Prenuptial agreements, or Binding Financial Agreement (BFA), is an agreement between couples made before a marriage or de facto relationship. The Family Law Act of 1975 allows couples to create a legally binding agreement concerning assets and property in the case of separation or divorce.
Prenuptial agreements aren’t meant to set relationships up to fail. Instead, these agreements simply discuss and clarify potential issues. You may even find that talking about these subjects strengthens your relationship and ensures you and your partner agree on legal matters. A prenuptial agreement can also cover unfortunate circumstances, like the death of a partner.
Here are some answers to common questions concerning prenuptial agreements.
What Assets Can You Include in a Prenuptial Agreement?
A prenuptial agreement determines how a couple’s property and finances will be divided if the couple separates or divorces.
Some of the assets you and your partner may want to add to the prenuptial agreement include:
- Real estate
- Pension entitlements
Financial agreements can outline how assets will be divided, who will be responsible to finalise debts and what financial support is available for either party. You should also include future or current children in their prenuptial agreements.
What Is the Criteria for Prenuptial Agreements?
A couple’s prenuptial agreement must meet strict legal criteria for the document to be legally binding. Otherwise, a family court may overturn their agreement.
For instance, the prenuptial agreement must have signatures from you and your partner. Additionally, each of your lawyers must sign a statement stating that each of you received independent legal advice. Lawyers are required to discuss how the agreement affects your rights, if the agreement is fair for both parties and if
the agreement is necessary.
If the document doesn’t meet these specifications, it is not legally binding.
Can the Agreement Be Overturned Or Cancelled?
Even if your agreement does meet legal criteria, a spouse or partner has the right to challenge the agreement.
The family court could set aside or overturn a prenuptial agreement if they determine one of the following:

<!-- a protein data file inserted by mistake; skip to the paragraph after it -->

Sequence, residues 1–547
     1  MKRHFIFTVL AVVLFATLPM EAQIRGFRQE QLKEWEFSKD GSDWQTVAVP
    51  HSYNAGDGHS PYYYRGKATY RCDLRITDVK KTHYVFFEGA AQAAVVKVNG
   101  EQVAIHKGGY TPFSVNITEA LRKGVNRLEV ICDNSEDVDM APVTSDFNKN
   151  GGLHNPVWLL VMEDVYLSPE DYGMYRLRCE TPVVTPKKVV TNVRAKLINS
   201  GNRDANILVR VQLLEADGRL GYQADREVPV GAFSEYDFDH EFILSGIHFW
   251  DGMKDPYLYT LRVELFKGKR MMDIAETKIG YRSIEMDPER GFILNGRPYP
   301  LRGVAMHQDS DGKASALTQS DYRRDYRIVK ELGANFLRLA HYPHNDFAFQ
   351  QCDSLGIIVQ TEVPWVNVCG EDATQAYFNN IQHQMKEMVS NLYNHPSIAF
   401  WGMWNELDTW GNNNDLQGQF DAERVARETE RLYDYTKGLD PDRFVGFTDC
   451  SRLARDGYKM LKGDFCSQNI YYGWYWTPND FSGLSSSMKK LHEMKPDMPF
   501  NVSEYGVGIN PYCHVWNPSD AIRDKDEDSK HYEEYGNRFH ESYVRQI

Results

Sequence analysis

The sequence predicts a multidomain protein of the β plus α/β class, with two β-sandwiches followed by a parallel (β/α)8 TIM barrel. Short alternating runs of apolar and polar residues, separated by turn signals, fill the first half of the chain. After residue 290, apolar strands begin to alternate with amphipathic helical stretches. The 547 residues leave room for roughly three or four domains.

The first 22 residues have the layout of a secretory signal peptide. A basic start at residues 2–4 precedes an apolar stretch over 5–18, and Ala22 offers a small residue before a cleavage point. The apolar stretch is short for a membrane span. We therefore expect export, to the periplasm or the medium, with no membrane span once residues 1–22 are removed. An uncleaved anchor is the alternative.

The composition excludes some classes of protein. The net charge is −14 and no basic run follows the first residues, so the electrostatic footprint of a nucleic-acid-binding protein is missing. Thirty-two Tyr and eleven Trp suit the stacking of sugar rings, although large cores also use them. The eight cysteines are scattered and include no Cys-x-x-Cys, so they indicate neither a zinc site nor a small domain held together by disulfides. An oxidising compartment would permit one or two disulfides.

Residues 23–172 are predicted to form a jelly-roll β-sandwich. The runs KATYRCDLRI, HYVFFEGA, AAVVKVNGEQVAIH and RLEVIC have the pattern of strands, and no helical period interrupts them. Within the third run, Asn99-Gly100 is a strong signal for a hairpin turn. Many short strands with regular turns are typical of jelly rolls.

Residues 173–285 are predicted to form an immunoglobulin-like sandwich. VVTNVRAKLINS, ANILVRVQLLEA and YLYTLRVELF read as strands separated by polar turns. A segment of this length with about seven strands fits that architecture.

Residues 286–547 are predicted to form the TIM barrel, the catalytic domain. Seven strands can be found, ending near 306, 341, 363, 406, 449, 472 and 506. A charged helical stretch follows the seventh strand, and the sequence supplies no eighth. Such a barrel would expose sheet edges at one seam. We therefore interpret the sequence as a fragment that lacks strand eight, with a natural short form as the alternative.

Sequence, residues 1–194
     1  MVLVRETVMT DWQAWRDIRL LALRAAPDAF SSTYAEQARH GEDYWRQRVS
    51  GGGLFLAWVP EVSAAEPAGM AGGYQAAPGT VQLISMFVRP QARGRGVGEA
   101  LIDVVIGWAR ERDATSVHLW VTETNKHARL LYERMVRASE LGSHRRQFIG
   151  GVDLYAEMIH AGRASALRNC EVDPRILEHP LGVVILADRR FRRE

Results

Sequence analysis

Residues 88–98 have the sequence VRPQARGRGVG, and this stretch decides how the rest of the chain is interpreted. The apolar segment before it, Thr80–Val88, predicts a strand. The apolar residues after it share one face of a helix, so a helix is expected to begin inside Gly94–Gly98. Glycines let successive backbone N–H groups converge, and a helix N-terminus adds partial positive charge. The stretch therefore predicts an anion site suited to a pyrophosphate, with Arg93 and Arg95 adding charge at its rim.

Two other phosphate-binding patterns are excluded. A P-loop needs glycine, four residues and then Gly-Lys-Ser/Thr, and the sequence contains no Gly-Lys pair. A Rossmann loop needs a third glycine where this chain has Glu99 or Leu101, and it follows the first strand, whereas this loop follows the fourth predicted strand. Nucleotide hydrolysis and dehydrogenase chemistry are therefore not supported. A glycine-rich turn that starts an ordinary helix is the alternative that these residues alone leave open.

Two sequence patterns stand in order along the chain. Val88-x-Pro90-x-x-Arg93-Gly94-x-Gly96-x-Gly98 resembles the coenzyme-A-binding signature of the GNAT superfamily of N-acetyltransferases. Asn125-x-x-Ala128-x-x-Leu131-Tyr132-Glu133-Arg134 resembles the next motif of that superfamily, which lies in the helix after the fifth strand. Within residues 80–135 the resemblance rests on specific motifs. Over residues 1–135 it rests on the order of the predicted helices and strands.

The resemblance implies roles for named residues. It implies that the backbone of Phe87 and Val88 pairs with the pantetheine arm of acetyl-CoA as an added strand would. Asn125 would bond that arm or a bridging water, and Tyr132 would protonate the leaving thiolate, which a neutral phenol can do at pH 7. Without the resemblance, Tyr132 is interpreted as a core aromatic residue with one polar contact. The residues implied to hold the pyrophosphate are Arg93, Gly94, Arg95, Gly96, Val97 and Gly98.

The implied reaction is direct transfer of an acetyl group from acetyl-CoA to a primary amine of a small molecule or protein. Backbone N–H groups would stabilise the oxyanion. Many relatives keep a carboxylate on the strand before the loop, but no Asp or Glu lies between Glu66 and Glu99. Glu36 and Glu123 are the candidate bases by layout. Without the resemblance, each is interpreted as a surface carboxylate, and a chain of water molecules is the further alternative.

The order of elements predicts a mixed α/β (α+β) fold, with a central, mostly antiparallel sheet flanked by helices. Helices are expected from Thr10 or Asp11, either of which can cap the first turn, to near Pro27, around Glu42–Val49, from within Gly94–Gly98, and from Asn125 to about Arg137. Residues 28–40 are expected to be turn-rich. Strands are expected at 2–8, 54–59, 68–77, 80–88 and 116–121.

- The prenuptial agreement was created fraudulently. For instance, if a partner didn’t disclose all of his
or her assets at the time the prenuptial agreement was created, this lack of information would be considered
- The legally binding criteria wasn’t met. This situation occurs when one party didn’t receive independent
- One of the partners felt coerced or unreasonably pressured into signing the agreement.
- The prenuptial agreement was a last-minute decision before a wedding or was a condition of a wedding.
- The agreement isn’t fair and just for both parties.
- The couple’s material situation changed after the agreement was signed. For instance, if the couple had
kids but didn’t include children in their prenuptial agreement, the prenuptial could be overturned.
If the family court finds your agreement falls under one of these stipulations or questions the validity of your agreement, they can set aside your agreement. Additionally, a prenuptial agreement must be brought to the courts within a year of your divorce or two years from when your de facto relationship ended to be valid.
If you and your partner wish to change or cancel your prenuptial agreement, you must prove one of the following:
- The agreement was signed under fraud.
- The agreement isn’t practical or convenient to fulfil.
- One of the parties was unfair or unethical when creating the agreement.
When you and your partner create your agreement, consider future possibilities, such as children. You can decrease the likelihood of cancelling or overturning your agreement if you plan effectively.
Prenuptial agreements are a great resource for couples who want to keep relationship matters out of court or who want to protect individual assets. Although talking about your agreement may not be the most ideal way to begin a partnership, the document can help you and your partner clarify important situations.
Posted in: Property
May 10 2021